Part 3 9-13-09

John had taken the news pretty well, all things considered. Charlie had managed to get a copy of the patient file sent up to DC for review by his friend’s wife. She drew the same conclusions as the local MD.


“Charlie, for all practical purposes, your uncle’s better off getting treated in Lexington. Chemo’s going to be the same whether here or there and at least he’s close to home. If it were my dad, I’d say just stay put.”





“You’re what?” Ruiz sounded incredulous. “Can’t you hire someone or something?”


“No.” Charlie was irritated; he reminded himself that he was probably just overly sensitive right now. “I’ll be down here no more than three weeks. They need me to manage the farm while my uncle’s getting treated. Look, will you please just check my mail and forward it on?”


“Yeah, ok. What did the office say when you told them?”


“What could they say? It’s Emergency Family Medical Leave—I’ve got the time,” it annoyed Charlie that he felt defensive. “I can’t just abandon my mother down here to face this alone. You’ve got your whole family in town,” he continued, “It’s just me—there is no one else. Besides, I can do some telecommuting,” he added. “I saw an internet café in town.”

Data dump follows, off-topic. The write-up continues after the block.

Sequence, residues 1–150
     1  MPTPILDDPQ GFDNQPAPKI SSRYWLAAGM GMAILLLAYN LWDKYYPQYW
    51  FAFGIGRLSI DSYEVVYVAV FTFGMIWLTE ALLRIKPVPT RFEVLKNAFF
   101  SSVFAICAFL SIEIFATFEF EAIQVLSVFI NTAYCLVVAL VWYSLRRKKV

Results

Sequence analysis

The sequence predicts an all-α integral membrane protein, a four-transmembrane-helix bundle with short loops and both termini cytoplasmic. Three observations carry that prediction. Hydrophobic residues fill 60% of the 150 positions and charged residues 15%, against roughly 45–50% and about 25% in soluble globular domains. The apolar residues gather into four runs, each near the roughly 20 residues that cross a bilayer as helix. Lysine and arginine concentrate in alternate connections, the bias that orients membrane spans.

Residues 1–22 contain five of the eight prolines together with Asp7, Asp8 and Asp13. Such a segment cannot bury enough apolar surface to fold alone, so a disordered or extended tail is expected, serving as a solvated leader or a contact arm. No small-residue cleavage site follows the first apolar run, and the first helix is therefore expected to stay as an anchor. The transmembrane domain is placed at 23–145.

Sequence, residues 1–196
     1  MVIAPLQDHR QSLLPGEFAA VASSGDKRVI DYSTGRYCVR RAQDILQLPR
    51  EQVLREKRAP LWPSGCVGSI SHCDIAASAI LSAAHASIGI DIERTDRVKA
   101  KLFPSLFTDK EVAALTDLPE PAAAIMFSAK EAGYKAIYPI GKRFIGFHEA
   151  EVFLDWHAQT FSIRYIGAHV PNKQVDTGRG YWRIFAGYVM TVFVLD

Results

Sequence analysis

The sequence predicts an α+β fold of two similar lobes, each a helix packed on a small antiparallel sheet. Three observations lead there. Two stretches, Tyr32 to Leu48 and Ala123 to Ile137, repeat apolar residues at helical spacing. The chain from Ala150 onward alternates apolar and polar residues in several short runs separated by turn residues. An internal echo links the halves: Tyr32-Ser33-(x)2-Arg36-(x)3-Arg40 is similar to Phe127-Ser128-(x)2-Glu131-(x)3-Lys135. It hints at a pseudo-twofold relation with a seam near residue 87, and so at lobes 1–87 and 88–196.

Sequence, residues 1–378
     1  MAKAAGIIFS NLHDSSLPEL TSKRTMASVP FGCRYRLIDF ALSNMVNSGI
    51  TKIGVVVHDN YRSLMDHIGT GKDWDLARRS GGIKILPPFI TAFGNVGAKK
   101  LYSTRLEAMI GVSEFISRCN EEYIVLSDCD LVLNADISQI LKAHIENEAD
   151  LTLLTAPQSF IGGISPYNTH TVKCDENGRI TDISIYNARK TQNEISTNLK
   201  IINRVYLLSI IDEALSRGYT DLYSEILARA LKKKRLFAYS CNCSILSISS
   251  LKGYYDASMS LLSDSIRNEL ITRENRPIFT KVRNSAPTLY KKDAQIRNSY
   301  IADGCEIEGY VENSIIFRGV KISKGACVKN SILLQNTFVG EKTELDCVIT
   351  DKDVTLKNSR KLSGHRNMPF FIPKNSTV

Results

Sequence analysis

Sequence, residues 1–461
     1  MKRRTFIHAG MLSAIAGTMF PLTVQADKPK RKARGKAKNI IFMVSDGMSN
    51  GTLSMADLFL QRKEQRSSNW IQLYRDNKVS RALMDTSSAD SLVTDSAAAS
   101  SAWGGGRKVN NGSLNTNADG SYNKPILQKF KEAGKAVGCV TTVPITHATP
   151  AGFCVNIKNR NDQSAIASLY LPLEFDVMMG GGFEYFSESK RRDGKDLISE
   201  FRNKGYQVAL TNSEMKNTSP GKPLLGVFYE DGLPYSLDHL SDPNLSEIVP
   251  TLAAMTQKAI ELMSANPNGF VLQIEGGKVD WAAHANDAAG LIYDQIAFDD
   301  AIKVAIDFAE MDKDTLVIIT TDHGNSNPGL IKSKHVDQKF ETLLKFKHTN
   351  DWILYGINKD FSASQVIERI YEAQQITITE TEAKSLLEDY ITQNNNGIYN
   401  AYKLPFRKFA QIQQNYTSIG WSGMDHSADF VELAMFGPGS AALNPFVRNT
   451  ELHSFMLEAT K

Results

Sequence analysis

“Well, at least there’s that,” Mike answered. “I know you’ve gotta help them; but don’t they realize they’ll get better care up here and that being away could jeopardize your promotion?”


Charlie sighed; Mike’s concerns were the same running through his own head.


“Good luck, Hammer. Come home when you can.”


Charlie knew his absence would create headaches at the office and a domino of delays for his cases, but it couldn’t be helped. He needed to be here; it wasn’t forever.






“Mama?” Charlie tapped his pen impatiently on the kitchen table. Three days of the typical home routine was enough—he needed to move. “Mama?”


From somewhere down the hall Jeannie answered, “What dear?”


“I’m going out. I’ve gotta buy a new bed for the cabin; my back can’t take it anymore.”


Jeannie popped her head out of the laundry area. “Why don’t you just sleep in the guest room? We’ve got a nice foam mattress in there.”


“I hate twin beds. I’ll take John’s truck.”


“Whatever you think, dear.”


John’s Chevy was over twenty years old; he needed something more reliable, but had refused to upgrade explaining that they couldn’t afford it. Charlie climbed inside and sat there, breathing in the deeply familiar scents of dirt, fertilizer, and sweat. He reached down into the cup holder and fished out the keys, his eyes spotting a faded photograph lying beneath some fliers stashed under the dash. Pulling out the bent photo, Charlie saw a studio portrait of him and Jeannie taken some 25 years earlier. He smiled, recalling how awkward he felt in that day in Sears, defiantly wearing his skinny shiny silver tie that he refused to remove despite his mother’s pleading. Jeannie wore a printed corduroy dress with a bow tie under the chin. Mother and son’s eyes sparkled an identical blue. Charlie wondered how often John had stared at this photo over the years.